The National Board of Review awarded Michael Moore's Bowling For Columbine with the award for Best Documentary.
National Geographic Television & Film (NGT&F) was awarded three Panda Awards at the 2002 Wildlife Film Awards at Wildscreen's annual "Green Oscars" ceremony in Bristol, UK. NGT&F won in the Animal Behavior category for Mzima: Haunt of the Riverhorse, which aired in the US on National Geographic EXPLORER/MSNBC as Haunt of the Hippo. The program was produced and filmed by Mark Deeble and Victoria Stone, and was a co-production of Survival Anglia Limited/NGT&F. The film also won the Camerawork award. Snake Hunter - North America won in the Presenter-Led Show category. The film was produced by Zebra Film Productions for NGT&F.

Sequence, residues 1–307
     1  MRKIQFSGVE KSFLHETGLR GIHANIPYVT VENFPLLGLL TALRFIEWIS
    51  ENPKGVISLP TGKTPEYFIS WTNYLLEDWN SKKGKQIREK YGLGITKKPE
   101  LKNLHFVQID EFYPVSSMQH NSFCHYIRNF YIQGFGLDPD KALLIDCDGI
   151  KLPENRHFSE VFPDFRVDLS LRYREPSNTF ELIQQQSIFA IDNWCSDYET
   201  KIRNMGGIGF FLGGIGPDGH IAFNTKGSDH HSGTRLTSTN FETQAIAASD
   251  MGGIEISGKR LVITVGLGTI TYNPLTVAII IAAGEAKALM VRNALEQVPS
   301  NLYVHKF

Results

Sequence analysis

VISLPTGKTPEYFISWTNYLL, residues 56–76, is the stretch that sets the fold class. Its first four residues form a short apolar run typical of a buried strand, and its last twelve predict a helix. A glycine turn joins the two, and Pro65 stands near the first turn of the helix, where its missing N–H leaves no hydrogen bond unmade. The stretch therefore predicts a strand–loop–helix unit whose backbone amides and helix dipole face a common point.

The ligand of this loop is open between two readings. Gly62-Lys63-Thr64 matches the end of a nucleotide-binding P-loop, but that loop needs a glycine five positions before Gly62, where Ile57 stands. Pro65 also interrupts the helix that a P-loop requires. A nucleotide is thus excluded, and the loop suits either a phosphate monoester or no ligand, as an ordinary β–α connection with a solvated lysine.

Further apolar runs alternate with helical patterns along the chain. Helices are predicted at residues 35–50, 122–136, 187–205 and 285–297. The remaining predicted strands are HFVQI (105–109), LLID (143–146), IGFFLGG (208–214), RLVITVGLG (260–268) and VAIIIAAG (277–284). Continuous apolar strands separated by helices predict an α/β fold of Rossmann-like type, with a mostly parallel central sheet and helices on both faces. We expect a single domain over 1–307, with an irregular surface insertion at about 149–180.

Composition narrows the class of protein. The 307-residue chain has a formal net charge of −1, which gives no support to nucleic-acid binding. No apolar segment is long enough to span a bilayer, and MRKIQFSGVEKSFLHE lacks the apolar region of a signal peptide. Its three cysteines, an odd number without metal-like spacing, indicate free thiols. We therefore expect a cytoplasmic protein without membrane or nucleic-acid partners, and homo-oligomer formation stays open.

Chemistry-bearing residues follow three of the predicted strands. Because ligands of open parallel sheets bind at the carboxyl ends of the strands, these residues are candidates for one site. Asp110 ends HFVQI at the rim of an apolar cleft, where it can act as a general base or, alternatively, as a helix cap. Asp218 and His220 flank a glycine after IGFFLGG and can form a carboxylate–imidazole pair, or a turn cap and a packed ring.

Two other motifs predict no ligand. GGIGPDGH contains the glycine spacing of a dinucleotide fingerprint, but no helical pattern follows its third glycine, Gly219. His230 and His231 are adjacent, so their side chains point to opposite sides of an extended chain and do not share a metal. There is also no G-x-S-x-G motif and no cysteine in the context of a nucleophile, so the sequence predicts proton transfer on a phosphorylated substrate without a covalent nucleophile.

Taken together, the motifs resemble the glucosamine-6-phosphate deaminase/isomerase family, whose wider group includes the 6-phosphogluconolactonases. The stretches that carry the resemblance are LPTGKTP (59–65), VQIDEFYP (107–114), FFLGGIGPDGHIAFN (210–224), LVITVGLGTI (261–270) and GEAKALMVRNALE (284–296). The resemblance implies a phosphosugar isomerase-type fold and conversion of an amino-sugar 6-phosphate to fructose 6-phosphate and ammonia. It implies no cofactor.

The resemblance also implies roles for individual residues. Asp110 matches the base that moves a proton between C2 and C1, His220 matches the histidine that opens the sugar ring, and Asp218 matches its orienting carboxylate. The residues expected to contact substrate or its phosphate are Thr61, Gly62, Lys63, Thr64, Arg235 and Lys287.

The Independent Feature Project will present the 2003 Independent Spirit Awards at its annual award ceremony next month. Nominated in the Best Documentary category are Bowling for Columbine (Michael Moore, dir.); The Cockettes (Bill Weber and David Weissman, dirs.); Devil's Playground, (Lucy Walker, dir.); How to Draw a Bunny (John Walter, dir.); and Stevie (Steve James, dir.). The seventh annual DirecTV/IFC Truer Than Fiction Award will be presented to an emerging director of nonfiction features who has not yet received significant attention. The award is accompanied by a $20,000 unrestricted grant. The 2003 finalists are Jeff Blitz for Spellbound; Jennifer Dworkin for Love and Diane; Eugene Jarecki for The Trials of Henry Kissinger; and Mark Moskowitz for Stone Reader.